The game also has a pretty bad rule that in some situations can make it bad to win Immunity early in the game or have a lot of cards in your hand. Because the Immunity winner and the player voted off are the only players that lose their cards at the end of the round, the Immunity winner from the previous round is at a huge disadvantage in the next round. Somebody else could very easily win immunity before the previous holder even gets a chance to take a turn in the round. Also, a lot of players will just vote out whoever they think is closest to getting Immunity in the next round (especially if that person was unlucky enough to draw the skinny dipping card which exposes their hand for the entire round) to give themselves a better chance at Immunity. Survivor: The Australian Outback Card Game is a bad game anyway, but letting players who don’t win Immunity or get voted off keep their cards is one of the worst game rules I have ever seen and hurts the game even more.
We played with just four players and I will admit that playing with the maximum of eight players would make Survivor: The Australian Outback Card Game a slight bit better. When you play with six to eight players at least you have a few more choices to make and more voting options (and I could see some short-term alliances actually forming in bigger games). However, since you vote people off this is probably not the best game to play with family. Children might love getting a chance to vote off their parents but adults will probably have to choose between their children (either which one to vote off or which one to vote for in the Final Tribal Council). While I doubt most people will care that much about winning a horrible card game, feelings could get hurt especially if you are playing the game with children.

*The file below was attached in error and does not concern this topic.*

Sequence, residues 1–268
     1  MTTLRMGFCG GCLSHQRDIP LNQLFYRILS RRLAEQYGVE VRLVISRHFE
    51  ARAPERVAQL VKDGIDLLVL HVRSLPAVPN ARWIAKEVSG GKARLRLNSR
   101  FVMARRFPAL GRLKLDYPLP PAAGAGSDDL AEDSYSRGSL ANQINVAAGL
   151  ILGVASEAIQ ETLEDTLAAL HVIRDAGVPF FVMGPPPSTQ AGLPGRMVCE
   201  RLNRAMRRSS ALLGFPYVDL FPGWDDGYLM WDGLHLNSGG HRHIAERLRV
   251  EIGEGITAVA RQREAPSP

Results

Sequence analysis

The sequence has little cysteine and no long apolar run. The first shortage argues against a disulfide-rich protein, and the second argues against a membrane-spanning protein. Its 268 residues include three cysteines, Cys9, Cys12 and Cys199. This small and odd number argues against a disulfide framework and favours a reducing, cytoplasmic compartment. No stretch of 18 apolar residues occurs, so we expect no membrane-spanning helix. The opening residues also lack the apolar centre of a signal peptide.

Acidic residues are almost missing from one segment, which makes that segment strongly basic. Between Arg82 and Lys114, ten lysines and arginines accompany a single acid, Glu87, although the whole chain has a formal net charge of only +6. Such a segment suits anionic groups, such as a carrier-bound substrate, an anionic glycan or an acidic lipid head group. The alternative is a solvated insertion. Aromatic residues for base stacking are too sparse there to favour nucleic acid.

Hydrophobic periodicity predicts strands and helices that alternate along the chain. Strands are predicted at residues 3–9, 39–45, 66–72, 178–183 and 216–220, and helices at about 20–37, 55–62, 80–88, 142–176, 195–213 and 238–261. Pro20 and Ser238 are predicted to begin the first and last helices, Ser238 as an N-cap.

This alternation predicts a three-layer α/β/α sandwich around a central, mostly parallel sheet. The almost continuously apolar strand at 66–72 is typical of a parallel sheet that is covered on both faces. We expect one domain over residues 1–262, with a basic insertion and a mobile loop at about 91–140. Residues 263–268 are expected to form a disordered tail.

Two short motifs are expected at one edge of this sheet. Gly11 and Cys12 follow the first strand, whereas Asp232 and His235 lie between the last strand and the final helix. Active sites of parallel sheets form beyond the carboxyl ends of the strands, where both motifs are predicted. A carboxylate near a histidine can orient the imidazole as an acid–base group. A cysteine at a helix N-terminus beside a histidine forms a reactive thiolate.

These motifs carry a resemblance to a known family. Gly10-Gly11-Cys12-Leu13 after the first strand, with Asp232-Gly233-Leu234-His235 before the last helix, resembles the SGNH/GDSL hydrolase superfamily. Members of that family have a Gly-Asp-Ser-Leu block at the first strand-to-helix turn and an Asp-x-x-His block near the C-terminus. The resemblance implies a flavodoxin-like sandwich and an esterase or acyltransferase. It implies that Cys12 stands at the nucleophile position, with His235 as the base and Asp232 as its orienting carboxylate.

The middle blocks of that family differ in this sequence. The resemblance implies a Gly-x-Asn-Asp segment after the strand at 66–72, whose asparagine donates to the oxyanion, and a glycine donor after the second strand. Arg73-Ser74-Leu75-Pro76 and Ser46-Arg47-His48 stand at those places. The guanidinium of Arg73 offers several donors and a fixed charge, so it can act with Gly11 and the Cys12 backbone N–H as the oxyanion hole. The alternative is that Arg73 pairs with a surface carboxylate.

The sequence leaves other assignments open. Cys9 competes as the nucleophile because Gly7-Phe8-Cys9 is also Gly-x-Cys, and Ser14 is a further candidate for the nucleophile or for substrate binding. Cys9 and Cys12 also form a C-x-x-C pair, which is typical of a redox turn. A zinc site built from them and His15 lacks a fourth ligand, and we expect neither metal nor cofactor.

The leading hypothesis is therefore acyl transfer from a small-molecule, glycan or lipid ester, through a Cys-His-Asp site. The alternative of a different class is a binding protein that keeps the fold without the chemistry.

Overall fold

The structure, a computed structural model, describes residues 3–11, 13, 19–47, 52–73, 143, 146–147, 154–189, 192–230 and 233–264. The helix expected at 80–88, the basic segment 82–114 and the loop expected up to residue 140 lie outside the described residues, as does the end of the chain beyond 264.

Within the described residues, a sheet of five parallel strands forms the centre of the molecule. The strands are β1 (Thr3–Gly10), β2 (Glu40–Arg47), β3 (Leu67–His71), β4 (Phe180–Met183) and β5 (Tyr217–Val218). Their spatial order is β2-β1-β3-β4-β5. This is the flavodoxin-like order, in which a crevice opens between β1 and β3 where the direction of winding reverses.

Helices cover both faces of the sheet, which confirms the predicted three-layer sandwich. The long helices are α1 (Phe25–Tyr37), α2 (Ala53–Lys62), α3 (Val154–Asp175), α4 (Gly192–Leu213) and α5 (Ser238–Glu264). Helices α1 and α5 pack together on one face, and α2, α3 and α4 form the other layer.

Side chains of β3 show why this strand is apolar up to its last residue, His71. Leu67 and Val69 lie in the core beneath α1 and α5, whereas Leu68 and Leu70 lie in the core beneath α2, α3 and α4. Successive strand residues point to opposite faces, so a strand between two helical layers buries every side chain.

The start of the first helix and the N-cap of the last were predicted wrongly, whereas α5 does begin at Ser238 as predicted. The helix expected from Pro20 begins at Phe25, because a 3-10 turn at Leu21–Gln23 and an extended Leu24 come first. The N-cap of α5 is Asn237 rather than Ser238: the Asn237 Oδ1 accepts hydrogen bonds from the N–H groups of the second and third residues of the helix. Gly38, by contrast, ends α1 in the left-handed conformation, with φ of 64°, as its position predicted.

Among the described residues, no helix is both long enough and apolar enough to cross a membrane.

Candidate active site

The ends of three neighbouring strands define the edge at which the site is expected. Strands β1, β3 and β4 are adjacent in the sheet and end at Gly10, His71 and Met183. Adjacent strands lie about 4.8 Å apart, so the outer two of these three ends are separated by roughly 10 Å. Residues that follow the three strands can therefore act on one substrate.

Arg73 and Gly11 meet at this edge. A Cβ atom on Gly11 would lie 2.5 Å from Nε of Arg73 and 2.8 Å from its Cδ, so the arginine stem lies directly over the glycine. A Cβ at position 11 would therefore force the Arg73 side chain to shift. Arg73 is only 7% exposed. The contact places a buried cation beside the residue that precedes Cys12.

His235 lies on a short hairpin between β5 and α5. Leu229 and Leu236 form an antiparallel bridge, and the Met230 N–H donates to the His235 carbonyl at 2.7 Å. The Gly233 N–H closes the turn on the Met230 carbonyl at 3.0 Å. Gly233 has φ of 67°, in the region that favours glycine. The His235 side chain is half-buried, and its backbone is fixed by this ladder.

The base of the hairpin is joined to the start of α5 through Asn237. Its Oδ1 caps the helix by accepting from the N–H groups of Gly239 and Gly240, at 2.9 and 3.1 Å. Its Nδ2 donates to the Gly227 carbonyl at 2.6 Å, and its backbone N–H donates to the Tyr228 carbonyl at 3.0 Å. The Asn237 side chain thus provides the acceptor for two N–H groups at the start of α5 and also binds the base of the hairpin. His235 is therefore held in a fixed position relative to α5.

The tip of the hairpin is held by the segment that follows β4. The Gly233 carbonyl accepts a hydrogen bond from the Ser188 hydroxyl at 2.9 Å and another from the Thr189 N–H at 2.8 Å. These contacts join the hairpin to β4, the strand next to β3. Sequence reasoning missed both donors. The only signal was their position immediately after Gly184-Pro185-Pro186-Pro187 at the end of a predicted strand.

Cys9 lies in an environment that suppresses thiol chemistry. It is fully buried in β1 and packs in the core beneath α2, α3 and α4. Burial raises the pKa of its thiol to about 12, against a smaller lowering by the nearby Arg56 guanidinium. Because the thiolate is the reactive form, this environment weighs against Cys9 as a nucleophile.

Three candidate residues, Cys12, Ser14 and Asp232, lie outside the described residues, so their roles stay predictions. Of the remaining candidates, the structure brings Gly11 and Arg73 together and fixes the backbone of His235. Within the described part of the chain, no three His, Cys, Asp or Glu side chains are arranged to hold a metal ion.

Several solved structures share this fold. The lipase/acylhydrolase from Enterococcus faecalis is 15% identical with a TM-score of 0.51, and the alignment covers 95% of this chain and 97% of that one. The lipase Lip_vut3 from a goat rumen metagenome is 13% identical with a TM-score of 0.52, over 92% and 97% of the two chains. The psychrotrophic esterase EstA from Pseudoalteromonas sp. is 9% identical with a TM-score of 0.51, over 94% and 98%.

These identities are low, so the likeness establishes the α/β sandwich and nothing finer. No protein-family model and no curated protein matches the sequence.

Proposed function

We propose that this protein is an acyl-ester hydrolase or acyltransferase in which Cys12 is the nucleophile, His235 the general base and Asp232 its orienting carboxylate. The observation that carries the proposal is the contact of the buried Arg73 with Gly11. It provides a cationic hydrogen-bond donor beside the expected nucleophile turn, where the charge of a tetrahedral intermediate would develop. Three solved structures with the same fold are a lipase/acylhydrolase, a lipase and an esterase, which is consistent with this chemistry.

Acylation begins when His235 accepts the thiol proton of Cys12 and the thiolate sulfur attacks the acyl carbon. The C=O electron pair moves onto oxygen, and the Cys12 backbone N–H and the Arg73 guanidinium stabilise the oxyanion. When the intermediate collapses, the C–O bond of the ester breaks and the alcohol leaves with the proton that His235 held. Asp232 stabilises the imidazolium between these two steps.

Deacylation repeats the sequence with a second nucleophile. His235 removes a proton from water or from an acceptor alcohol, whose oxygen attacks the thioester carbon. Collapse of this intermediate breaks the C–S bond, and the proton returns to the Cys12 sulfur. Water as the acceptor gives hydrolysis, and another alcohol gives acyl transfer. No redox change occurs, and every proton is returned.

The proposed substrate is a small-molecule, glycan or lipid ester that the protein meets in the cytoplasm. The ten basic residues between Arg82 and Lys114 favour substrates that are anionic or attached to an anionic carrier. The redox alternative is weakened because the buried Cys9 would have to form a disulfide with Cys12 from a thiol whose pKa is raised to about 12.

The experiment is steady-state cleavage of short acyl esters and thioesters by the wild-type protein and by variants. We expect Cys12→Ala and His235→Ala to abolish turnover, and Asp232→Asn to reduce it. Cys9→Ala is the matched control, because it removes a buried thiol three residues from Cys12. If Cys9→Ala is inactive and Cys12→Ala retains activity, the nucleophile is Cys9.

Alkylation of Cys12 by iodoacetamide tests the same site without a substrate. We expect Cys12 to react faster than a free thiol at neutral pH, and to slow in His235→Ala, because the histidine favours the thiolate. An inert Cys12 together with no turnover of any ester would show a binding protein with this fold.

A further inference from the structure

I love Survivor (I have seen all 472 episodes that have aired at the time I wrote this review) but I absolutely hate this game. I got this game within a year or so after it was released (so I have had it for at least 15 years) and had never played it until now. I think my copy of Survivor: The Australian Outback Card Game would have been better off not ever being played, it is that bad of a game. The game currently has a whopping 3.27 rating (out of 10) on Board Game Geek and I actually think that is a bit high. I apologize in advance for the lame joke but Survivor: The Australian Outback Card Game is a game that should definitely be voted off the island (or in this case out of existence).